ways in which it might benefit them by, for example, allowing them to
spend more time with their children.
Poorer French men, however, are less enthusiastic - they feel threatened
by the onward march of women, and are unsure of what they are supposed
to be. ’They feel as if they are on the run,’ Nick Johnson, associate
director of RDSi, says. ’As a result they regress to old-style machismo,
listening to misogynist rap music and playing tough contact sports in an
effort to reassert their masculinity.’
Attitudes towards the work/family dynamic in Britain are probably more
akin to those in the US than those in the rest of Europe. This clearly
doesn’t apply to builders, but for the rest of us, the Anglo Saxon work
ethic is still strong, which means many men put their career ahead of
their family. Children tend to be deferred until the last possible
moment, because of a perceived loss of freedom and independence which
comes with the responsibilities of fatherhood. ’British men all say they
want to get married one day, but not right now,’ Johnson says.
He ascribes this procrastination to a fear of the unknown. In Latin
countries in particular, where it’s quite acceptable for men to live at
home until they get married or hit their thirties, males and females of
all ages mix on a daily basis. In Britain, however, men tend to operate
in peer groups of a similar age, which means they experience ’life
stages’ at a similar time and are wary of leaving the pack. Once they
have taken the plunge, however, they wonder what all the fuss was about
and come to a gradual appreciation of fatherhood.
As for their attitude to the status of women, they know what they’re
meant to say and can roll out the textbook answers patly, but in reality
they are in denial - the astonishing success of lads’ mags is some
indication of their true feelings.
Britons are possibly the hardest European men to advertise to. They are
expert decoders of metaphors and marketing-speak and have an underlying
cynicism which means that it’s hard to convey advertising images without
a knowing nod and a wink. British men find many advertising images too
perfect, too sickly or too contrived - humour is often the best means of
connecting with this audience.
In lads’ mags, Michael Caine features as one of the most respected
British men. Not for his acting prowess, you understand, but because he
made a fortune against the odds - the plucky underdog is someone the
Brit men can really relate to.
The Germans are among the most logical of research respondents,
determined to work at being progressive men in the 90s, even if it goes
slightly against their inclinations. They see such change as a challenge
and a question of discipline.
German men profess to a grudging admiration for circumstances in France
and Italy where they feel ’men could be men’ and family values are
deeper rooted - but this kind of behaviour would go down like a lead
balloon in oppressively ’right-on’ Germany. They have decided to make
the best of feminism by finding ways it might benefit them.
Surprisingly, perhaps, the emphasis on career and work is less marked
than the UK. German men are willing to adapt to the changing marketplace
and work on a self-employed or contract basis.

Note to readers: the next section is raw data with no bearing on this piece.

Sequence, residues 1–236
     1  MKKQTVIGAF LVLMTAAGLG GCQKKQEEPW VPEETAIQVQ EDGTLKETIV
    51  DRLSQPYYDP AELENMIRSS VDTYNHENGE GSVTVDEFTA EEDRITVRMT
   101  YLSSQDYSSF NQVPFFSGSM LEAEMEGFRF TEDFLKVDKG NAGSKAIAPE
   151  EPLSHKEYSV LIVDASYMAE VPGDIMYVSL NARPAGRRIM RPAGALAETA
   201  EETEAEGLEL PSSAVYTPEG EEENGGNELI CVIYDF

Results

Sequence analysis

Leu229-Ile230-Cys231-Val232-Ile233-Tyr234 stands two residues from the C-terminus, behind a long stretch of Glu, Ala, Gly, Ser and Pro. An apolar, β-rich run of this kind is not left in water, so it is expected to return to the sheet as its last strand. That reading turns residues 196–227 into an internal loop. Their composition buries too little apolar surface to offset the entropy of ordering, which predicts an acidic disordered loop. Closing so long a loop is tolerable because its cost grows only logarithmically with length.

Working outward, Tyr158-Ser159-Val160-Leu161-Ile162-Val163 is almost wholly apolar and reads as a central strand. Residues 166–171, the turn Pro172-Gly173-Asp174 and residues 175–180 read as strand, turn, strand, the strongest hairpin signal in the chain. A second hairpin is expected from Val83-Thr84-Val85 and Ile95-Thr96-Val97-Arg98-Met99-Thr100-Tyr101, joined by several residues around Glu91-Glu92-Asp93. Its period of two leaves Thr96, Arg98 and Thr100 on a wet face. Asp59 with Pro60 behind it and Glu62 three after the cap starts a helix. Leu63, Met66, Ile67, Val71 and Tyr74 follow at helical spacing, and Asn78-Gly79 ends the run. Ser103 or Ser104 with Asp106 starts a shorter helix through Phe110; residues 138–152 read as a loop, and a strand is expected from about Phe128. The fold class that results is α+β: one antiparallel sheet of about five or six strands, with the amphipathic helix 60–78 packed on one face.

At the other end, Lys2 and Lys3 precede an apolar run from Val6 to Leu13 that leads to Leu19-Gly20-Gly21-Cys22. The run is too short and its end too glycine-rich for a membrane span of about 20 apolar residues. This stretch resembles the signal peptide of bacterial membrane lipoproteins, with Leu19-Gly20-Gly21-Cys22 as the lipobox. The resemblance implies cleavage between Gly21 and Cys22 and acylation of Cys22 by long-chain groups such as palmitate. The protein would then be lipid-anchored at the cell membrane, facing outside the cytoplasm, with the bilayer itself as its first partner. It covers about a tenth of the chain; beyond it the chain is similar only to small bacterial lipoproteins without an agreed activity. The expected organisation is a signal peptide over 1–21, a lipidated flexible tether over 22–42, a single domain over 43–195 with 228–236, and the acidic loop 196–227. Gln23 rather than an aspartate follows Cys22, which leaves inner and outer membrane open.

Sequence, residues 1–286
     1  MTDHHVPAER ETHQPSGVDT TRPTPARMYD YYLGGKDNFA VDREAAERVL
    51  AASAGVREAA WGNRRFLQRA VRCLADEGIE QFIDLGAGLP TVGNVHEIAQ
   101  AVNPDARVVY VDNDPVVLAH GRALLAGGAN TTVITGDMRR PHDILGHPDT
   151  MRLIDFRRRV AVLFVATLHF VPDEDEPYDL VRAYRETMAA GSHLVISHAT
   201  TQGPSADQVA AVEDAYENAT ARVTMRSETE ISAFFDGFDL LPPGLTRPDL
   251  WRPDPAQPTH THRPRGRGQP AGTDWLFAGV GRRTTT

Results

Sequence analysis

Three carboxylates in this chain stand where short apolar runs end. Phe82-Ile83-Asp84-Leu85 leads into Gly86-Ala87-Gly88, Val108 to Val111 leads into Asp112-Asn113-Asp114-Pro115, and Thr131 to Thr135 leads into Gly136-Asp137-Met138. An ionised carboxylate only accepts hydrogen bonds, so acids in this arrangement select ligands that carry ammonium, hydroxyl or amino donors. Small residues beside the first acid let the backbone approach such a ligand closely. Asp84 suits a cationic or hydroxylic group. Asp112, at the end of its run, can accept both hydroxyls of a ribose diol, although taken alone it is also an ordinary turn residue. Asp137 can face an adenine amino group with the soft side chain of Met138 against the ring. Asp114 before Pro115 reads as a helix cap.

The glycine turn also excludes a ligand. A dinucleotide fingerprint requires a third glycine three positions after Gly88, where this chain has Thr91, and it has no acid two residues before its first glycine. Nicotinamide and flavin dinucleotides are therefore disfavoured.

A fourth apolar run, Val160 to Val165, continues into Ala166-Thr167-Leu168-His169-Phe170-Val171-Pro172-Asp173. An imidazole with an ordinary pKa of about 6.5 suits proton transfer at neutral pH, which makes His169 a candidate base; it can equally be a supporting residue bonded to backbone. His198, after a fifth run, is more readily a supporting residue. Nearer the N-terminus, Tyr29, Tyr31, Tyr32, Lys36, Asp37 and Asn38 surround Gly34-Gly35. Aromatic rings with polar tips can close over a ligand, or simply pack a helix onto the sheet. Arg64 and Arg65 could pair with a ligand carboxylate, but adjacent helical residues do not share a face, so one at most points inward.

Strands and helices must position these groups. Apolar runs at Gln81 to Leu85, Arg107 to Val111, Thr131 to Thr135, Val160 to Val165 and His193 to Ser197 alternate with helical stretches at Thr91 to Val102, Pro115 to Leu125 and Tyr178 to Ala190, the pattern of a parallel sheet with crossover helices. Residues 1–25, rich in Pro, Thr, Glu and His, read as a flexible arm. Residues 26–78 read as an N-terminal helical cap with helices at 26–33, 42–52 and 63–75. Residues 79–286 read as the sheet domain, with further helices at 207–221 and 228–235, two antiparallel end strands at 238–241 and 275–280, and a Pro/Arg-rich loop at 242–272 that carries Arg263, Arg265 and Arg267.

As for advertising, there is a desire to see more rounded images of
’They want more complex models of male identity and a greater diversity
of role models,’ says Alex Moskvin, who completed a 300-group study of
men when he worked as the director of Research International’s
Michael Schumacher features as one of their most respected role models,
but only partly because of his prowess behind the wheel, more so because
he’s a successful family man.
ANOTHER DIMENSION: AUSSIE BLOKE
The antipodean archetype has become associated with Foster’s, but ads
for the amber nectar vary by country. Joe Gill investigates
It’s the 70s and all most people in Britain know about Australia is
sheep farming and Skippy the Kangaroo. Neighbours has yet to transform
the nation’s soap-watching habits. Enter Paul Hogan as star of the first
Foster’s campaign, a lovable rogue with a lack of sophistication and
love of the amber nectar. His thick-skinned, no-nonsense attitude
becomes indelibly associated in the UK market with ’what it means to be
According to John Botia, marketing manager of the Foster’s UK
distributor, Scottish Courage, ’the essence of the brand is the
positive, laid-back Aussie attitude’.
The concept has gone from strength to strength - and with the spread of
Aussie soaps and music, familiarity with the Australian way of life is
now a given for marketers. ’How well Foster’s is doing in a country is
down to how well understood Australia is. In the 70s people knew far
less about Australia but since then we’ve had the Aussie soaps and pop
stars ,’ he says.
Of course, when Botia says Australian, he means Australian men.
’Unashamedly, the ads are aimed at men because they consume the vast
majority of the beer.’
The current ’honorary Australian’ campaign by M&C Saatchi has
transferred well to Europe but in the US, where understanding of
antipodean ways is less mature, the story is different. ’How to speak
Australian’, out of Angotti Thomas Hedge in New York, uses contrasting
vignettes of everyday life to bring out the Aussie attitude.
In Australia, Foster’s takes a sporting, masculine tone - it is official
sponsor of the Sydney 2000 Olympics - to reflect those rugged, outdoor
Aussie values. And as for the UK campaign, Botia holds out the
tantalising prospect of a major twist. ’We may have a woman protagonist
in the future.’